#54 – What happens when you or your spouse unexpectedly pass away?
No one likes this question. But it’s an extremely important one to think about.
Why? To protect your family and ease their financial burden, plus make your inheritance as easy and tax-efficient as possible!
As part of our ongoing mini-series on legacy planning, we’ll discuss strategies to help you prepare an optimal estate plan in this episode.
Jeremy Keil speaks with Bethany Canfield, partner at Kitzke & Canfield, LLC and an experienced attorney for estate matters. They discuss what an ideal estate plan looks like, various documents involved in estate planning, and the different types of trusts you can leverage.
- Tips to avoid probate or intestacy (which can negatively impact your wealth transfer)
- An easy-to-follow walkthrough of marital property agreements and their advantages
- Reasons to arrange beneficiary designations through trusts instead of a direct transfer
- What information you should update regularly within your estate plan
- How to avoid financial conflicts among your future generations
- And more
The 4 Must-Knows of Estate Planning
- Know the Goals of Estate Planning
There are primarily two goals of estate planning:
- Protecting your spouse and children if and when you unexpectedly pass away.
- Making your inheritance as easy and tax-efficient as possible.
Having these goals in mind will encourage you to prepare an estate plan well ahead of time.
In addition to these primary objectives, you can also have your own unique goals. For instance, you might want to make charitable contributions to your favorite nonprofits through your inheritance.
- Know the Documents
The key documents that are the cornerstone of every estate plan are powers of attorney for health and finance, backup wills, and revocable living trusts.
The powers of attorney help you ensure that when you’re unable to make key decisions around your finances or medical emergencies, someone you trust gets the decision-making authority.
Backup wills are important end-of-life documents that enable you to name guardians for minor children, and get rid of any old wills that you may have created in the past. It’s always good to have a backup will as it supports your trust and makes sure that your wishes are ultimately fulfilled.
Finally, if you wish to avoid a costly and time-intensive probate process, you should include revocable living trusts in your estate plan. These trusts are administered by the people you choose (your trustees) instead of a court.
- Know What to Review/Update
How often are you updating your estate plan?
According to Bethany Canfield, you should review your estate plan every time there is a birth, death, marriage, or a divorce. Even if you don’t face any of these, you should still review them every five years.
Why? Because estate laws keep changing and it’s important to regularly review your estate plan to remain relevant.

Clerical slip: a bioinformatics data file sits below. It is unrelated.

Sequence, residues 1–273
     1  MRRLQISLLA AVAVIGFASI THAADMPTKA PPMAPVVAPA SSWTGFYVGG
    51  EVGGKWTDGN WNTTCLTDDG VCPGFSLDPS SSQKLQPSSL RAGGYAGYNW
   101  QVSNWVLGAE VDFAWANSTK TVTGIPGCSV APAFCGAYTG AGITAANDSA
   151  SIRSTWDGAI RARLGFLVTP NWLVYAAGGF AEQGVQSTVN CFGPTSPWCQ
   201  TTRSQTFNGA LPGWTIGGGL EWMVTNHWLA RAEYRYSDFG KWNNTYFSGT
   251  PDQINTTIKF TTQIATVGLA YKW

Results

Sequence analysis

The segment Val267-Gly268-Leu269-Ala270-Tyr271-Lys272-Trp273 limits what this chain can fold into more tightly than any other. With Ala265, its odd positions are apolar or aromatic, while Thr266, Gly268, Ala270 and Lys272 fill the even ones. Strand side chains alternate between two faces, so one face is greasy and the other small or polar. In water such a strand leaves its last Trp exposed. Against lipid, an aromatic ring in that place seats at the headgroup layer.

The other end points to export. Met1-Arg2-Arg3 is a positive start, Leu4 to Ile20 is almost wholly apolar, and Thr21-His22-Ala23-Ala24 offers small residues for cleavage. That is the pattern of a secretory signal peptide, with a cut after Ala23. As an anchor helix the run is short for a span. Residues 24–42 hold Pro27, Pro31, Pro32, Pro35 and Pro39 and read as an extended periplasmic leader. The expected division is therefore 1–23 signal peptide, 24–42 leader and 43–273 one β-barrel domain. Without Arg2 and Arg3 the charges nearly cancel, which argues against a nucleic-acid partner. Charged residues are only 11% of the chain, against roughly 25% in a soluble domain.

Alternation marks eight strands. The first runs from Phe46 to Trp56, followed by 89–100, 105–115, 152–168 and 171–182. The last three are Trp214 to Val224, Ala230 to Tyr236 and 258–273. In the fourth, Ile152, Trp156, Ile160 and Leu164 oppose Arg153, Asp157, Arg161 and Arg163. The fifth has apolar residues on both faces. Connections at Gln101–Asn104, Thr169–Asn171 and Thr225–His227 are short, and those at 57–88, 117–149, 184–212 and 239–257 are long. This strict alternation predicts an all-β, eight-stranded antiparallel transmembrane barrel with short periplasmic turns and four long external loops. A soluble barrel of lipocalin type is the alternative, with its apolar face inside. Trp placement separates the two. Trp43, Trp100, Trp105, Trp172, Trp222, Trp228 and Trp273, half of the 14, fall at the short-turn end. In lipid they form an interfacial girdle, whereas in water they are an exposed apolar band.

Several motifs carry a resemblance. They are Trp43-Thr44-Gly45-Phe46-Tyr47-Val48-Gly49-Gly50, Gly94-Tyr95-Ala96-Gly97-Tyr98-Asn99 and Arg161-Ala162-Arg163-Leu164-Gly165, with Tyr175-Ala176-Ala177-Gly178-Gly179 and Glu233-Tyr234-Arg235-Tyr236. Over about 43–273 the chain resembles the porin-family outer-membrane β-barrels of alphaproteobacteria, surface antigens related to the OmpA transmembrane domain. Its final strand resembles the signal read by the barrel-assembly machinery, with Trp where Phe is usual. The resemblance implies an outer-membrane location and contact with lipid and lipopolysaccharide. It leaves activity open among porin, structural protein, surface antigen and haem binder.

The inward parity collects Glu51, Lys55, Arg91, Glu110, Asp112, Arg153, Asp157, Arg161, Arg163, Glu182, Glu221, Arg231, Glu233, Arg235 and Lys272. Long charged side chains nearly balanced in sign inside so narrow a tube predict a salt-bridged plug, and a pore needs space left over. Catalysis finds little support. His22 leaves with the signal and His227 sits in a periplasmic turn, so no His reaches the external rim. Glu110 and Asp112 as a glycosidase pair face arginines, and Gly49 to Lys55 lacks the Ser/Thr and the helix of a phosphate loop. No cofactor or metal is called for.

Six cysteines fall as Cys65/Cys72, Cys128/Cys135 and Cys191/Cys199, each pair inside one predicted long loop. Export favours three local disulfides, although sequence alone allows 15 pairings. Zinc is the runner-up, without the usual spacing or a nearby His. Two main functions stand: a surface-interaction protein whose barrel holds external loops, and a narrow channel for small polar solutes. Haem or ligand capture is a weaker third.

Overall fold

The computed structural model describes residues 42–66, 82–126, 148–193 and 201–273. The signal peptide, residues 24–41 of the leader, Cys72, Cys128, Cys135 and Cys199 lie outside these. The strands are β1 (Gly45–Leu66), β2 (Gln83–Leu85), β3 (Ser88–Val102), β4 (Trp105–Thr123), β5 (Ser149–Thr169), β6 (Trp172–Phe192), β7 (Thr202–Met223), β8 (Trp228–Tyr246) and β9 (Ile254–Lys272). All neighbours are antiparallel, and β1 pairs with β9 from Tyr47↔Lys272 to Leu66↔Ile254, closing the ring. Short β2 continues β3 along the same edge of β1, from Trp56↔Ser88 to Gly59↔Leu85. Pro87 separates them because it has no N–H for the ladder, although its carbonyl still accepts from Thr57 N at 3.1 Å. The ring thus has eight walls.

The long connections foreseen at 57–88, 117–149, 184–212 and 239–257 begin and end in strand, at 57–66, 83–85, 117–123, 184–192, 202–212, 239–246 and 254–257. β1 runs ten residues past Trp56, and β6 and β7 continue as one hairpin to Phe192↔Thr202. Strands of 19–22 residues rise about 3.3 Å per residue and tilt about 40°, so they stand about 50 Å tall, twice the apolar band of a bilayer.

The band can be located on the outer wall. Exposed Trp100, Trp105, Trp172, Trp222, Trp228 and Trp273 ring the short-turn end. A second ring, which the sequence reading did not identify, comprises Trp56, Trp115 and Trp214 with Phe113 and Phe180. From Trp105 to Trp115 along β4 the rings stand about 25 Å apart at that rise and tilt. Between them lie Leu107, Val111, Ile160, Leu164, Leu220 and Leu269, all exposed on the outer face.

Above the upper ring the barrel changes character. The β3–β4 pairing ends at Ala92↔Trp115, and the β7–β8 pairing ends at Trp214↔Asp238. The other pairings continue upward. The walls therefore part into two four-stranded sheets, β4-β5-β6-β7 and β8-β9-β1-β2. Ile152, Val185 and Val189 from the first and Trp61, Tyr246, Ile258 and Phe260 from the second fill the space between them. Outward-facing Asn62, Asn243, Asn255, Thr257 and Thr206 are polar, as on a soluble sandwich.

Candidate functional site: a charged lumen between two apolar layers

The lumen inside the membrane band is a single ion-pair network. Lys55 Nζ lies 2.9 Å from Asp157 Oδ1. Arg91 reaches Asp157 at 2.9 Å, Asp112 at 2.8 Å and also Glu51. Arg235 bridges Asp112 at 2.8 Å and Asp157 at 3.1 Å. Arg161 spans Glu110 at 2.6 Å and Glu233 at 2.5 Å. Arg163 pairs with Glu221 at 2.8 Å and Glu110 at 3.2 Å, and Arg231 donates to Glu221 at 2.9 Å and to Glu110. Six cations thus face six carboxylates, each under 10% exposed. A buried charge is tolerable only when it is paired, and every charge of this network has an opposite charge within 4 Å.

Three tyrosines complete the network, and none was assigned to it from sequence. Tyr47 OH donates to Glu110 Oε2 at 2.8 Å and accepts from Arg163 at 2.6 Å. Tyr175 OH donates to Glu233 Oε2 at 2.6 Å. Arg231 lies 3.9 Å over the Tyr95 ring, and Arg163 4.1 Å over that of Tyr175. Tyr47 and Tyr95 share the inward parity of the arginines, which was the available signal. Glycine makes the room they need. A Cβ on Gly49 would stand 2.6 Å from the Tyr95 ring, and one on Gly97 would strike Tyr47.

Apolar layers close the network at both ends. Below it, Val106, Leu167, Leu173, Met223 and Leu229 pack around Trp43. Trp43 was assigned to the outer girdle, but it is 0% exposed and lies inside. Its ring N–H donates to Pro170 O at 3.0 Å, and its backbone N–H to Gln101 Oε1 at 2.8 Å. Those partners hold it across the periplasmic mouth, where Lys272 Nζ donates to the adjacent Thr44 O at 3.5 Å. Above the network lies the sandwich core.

Reviewing estate plans doesn’t always require you to sit down with your attorney, pay them money, and go through every detail.
It can be something as simple as making sure that the right people are in the right positions.
Imagine that you named your brother-in-law as your successor. However, after a few years, your sister and your brother-in-law got divorced. In this case, you would want to change your successor to someone else, wouldn’t you?
Some of the common positions you must review include your beneficiaries, trustees, personal representatives, and your powers of attorney.
- Know the Costs
During a probate in the state of Wisconsin, the average fees are nearly 3-5% of your total estate value. (So, if you have an estate of $200,000, then the fees could equal $6,,000 to $10,000.)
However, planning your estate well ahead of time can save you money. In a similar estate of $200,000, the fees to create a proper estate plan might be $2,000 to $4,000.
The difference between the two might seem small to you in this example. But consider estates worth several million dollars. It makes a huge difference!
In addition to being cost-effective, timely estate planning also ensures that more options are available to you. The earlier you start, the better.
Note that these costs are merely estimates. Different attorneys may charge differently. Some might quote a flat fee, while others might charge hourly.
Don’t forget to check out the resources below during your estate planning process.
Have any questions? Feel free to reach out to us or our guest Bethany Canfield using the contact information provided below!
- Kitzke & Canfield, LLC: Basic Estate Planning
- Kitzke & Canfield, LLC: Advanced Estate Planning
- 3 Things You Should Know Before Choosing A Financial Advisor
- 6 Questions Retirees Aren’t Asking But Should Be
- Subscribe to Retirement Revealed on Google Podcasts
- Subscribe to Retirement Revealed on Apple Podcasts
Connect With Bethany Canfield:
Connect With Jeremy Keil:
- (262) 333-8353
- Keil Financial Partners
- LinkedIn: Jeremy Keil
- Facebook: Jeremy Keil
- LinkedIn: Keil Financial Partners
About Our Guest:
Bethany attended the Marquette University Law School and focused her coursework in estate planning and tax law, when she recognized the crucial need for families to protect themselves and their businesses from the unexpected. She has interned for the Chief Judge of the Bankruptcy Court for the Eastern District of Wisconsin, been an officer of the Public Interest Law Society, worked with the American Civil Liberties Union, and volunteered for Legal Action Wisconsin and the Wills for Heroes program. Bethany brings efficiency, reliability, and an easy to understand approach to the practice. She understands that clients are trusting her with the responsibility to guard everything they have built and she does not take that honor lightly.
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